Do Whole Foods Still Count If They're Canned Or Frozen?

Between all the diet fads, health trends, and pseudoscience on social media, it can be hard to discern what is most essential for those trying to live a healthy lifestyle. A term that comes up frequently in discussions about nutrition is "whole foods," but what is a whole food? Basically, whole foods are fruits, vegetables, proteins, grains, legumes, and dairy that are as close to how they come out of the ground or animal as possible. They have not gone through processing and do not contain added ingredients — think fruits and vegetables in their original form. However, it is no surprise that fresh produce can sometimes be prohibitively expensive, of varying quality, and too time-consuming to prepare. You may turn to canned or frozen foods in these cases, but do they still count as whole foods? Well, not technically, but that shouldn't scare you away.

When a fruit or vegetable is frozen, there is a negligible loss of nutrients. However, the longer they are frozen, the greater the loss of vitamins and minerals, so it is best to consume them within eight months. Canned goods lose a bit more nutrients but, truly, a canned green bean is way better than no green bean at all. Just take a look at the label and opt for a product with little to no added sugar or salt. If you find frozen or canned produce to be more accessible, affordable, or tastier, you can still be confident that they are good for you.

Processed vs. minimally processed vs. ultra-processed

The opposite of a whole food is a processed food, and that term can definitely set off alarm bells. However, any food that goes through steps to change it from its original form is a processed food. That category includes some obvious items like candy, soda, frozen pizza, and deli meats, but it also includes foods that may not immediately come to mind, like whole wheat flour, pre-washed lettuce, par-cooked brown rice, plain yogurt, cheese, and canned and frozen fruits and vegetables.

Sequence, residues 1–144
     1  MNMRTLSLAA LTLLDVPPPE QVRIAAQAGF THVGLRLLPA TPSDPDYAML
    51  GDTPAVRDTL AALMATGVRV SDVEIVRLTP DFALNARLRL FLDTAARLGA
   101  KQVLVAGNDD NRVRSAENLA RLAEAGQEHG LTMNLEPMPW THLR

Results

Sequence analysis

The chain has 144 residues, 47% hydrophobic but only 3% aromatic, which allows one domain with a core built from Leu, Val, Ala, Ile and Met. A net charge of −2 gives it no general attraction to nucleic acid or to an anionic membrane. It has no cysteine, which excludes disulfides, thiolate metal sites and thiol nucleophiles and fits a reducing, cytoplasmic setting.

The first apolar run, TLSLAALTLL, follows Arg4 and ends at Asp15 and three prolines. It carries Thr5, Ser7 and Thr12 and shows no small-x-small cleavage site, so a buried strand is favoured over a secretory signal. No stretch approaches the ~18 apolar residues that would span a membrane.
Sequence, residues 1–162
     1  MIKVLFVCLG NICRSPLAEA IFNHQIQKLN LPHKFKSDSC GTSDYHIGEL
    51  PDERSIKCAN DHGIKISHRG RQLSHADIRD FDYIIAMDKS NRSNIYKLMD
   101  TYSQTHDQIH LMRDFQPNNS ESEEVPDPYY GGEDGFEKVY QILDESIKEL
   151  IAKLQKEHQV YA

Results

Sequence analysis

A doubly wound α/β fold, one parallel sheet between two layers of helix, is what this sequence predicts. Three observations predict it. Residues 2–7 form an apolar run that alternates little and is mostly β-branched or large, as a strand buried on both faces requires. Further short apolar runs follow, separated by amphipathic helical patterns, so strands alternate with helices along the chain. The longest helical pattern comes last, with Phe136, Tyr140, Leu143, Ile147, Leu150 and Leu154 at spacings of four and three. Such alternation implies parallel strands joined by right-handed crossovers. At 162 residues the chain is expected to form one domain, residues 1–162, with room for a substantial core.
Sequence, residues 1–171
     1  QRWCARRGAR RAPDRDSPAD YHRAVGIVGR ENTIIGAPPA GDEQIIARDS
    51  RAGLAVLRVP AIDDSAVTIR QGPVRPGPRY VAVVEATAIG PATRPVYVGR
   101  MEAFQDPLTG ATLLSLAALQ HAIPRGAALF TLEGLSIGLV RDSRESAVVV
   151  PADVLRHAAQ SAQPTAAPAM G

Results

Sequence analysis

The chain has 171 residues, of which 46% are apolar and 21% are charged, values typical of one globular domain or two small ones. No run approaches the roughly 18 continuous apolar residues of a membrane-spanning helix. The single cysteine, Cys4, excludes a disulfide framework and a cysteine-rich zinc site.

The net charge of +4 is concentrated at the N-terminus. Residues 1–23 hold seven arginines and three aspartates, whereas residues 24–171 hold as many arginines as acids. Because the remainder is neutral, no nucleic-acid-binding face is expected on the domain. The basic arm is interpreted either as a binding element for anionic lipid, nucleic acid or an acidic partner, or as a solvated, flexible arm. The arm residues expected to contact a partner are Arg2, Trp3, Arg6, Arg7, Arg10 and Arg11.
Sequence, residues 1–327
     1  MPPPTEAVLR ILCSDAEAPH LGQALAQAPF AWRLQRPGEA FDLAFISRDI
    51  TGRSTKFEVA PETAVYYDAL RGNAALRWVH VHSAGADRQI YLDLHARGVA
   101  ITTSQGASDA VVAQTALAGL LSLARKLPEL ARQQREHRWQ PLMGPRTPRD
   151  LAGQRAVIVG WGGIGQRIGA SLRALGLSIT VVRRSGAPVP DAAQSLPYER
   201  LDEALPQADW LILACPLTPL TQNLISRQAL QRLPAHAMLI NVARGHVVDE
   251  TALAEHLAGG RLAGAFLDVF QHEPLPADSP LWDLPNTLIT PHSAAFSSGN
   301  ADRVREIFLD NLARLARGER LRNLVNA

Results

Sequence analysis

Processed food is an umbrella term. The distinction to make here is between ultra-processed and minimally processed foods. Ultra-processed foods have long ingredient lists, lots of additives and preservatives, and artificial ingredients. These foods don't have high nutritional value. Minimally processed foods are treated so that they can be easier to eat or digest by doing things like: "cleaning and removing inedible or unwanted parts, grinding, refrigeration, pasteurization, fermentation, freezing, and vacuum-packaging," as noted by the Harvard T.H. Chan School of Public Health. Milk, nuts, pasta, tea, coffee, raw meats, pre-cut produce, and whole grains like oats, bulgar wheat, quinoa, and popcorn are all examples of minimally processed foods.

A diet consisting mainly of unprocessed and minimally processed foods is ideal when it comes to preventing chronic diseases, boosting immunity, and maintaining an overall healthy lifestyle, according to Everyday Health. However, taking this to the extreme by shaming yourself for eating ultra-processed foods or unsustainably restricting your choices is not ideal either.

It's all about balance

The point of prioritizing eating whole foods is to plan and create balanced meals that work for your preferences, body, culture, and budget. Incorporating more whole and minimally processed foods is great, but don't get obsessive. Sure, dry beans go through less processing than canned beans, but if you don't have time to cook them, canned beans still offer tons of fiber, protein, and nutrients for a fraction of the preparation time.

A salad can be a great choice when loaded with an array of multi-colored vegetables (including underrated frozen vegetables), satiating ingredients like canned garbanzos and cooked whole grains, lean protein like boiled eggs, grilled chicken, or tinned fish, and healthy fats from cheese, avocado, and nuts or seeds. However, a store-bought salad dressing may be loaded with sugar, sodium, and preservatives. Making your own dressing means you can choose exactly what goes into it.

Focus on doability. If you know that you are more likely to eat whole foods with glee when topped with your favorite brand of store-bought dressing, there is nothing wrong with that. You may consider opting for a brand that prioritizes whole foods and a short ingredients list or batch-prepare a homemade dressing for the week to make your life a little easier. However, adding dressing does not eliminate the healthy qualities and, in fact, fats in the dressing can help you better absorb the nutrients in the salad.